More than 200 Spanish mobile numbers were selected as possible targets for surveillance by an NSO Group client believed to be Morocco, according to the data leak at the heart of the Pegasus project.
Details of the scale of the apparent targeting came as Spain’s highest criminal court opened an investigation into how the mobile phones of the prime minister, Pedro Sánchez, and the defense minister, Margarita Robles, came to be infected with Pegasus spyware last year.
The Spanish government has refused to speculate on who may have been behind the “illicit” and “external” attacks, the existence of which it revealed on Monday at a hastily called press conference.
The targeting of the prime minister is alleged to have taken place in May and June last year – a particularly turbulent time in Spanish politics. Not only was the Sánchez administration preparing its controversial and deeply divisive pardons of nine Catalan independence leaders jailed over their parts in the failed secession attempt in 2017, Spain was also engaged in a tense diplomatic row with Morocco.
The mobile number selections believed to have been made by Morocco occurred in 2019, according to time stamps in the data, which includes more than 50,000 numbers of individuals selected as possible surveillance targets by NSO clients around the world.
A Spanish mobile number belonging to Aminatou Haidar, a prominent human rights activist from Western Sahara, was included in the leaked database and found to have been targeted by Pegasus dating back to 2018, according to an analysis by Amnesty International. Traces of the Pegasus spyware, which is sold by the Israeli company NSO Group, were also found on a second phone belonging to Haidar as recently as November 2021.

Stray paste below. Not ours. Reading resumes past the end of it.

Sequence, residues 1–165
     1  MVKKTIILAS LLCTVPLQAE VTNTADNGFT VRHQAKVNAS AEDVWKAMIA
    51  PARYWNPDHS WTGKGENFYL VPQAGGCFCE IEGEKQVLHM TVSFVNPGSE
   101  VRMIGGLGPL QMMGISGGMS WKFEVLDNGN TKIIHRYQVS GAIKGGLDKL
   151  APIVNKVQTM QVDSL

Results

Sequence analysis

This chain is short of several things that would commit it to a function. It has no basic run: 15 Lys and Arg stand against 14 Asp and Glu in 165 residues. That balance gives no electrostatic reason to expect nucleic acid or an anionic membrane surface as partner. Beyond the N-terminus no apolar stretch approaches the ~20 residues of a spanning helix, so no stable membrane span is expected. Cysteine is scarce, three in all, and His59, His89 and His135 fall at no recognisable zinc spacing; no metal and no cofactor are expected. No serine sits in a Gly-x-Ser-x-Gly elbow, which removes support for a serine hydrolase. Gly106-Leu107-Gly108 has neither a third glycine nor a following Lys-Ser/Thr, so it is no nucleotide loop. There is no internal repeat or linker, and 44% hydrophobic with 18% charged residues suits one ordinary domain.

A Spanish mobile number for the journalist Ignacio Cembrero – whose work is focused on the Maghreb – was also listed on the Pegasus project database.
The inclusion of more than 200 Spanish mobile numbers selected by a client believed to be Morocco does not indicate that every number was targeted or hacked. But it signals the client was apparently active in seeking out possible targets for surveillance within Spain.
NSO said the fact a number appeared on the leaked list was in no way indicative of whether a number was targeted for surveillance using Pegasus. NSO has also said the database had “no relevance” to the company.
Morocco previously denied spying on any foreign leaders using Pegasus, and has said reporters investigating NSO were “incapable of proving [the country had] any relationship” with NSO.
But an analysis of the leaked records showed Morocco appeared to have listed dozens of French officials as candidates for possible surveillance, including President Emmanuel Macron.
NSO has said its spyware is only sold to government clients for the purposes of investigating serious crime and terrorism. It has said it investigates legitimate allegations of abuse and strongly denied Pegasus was ever used to target Macron.
The attacks came to light as the Spanish government continued to face questions over how Pegasus was allegedly used to monitor dozens of members of the Catalan independence movementincluding the president of the north-eastern Spanish region, Pere Aragonès, and three of his predecessors.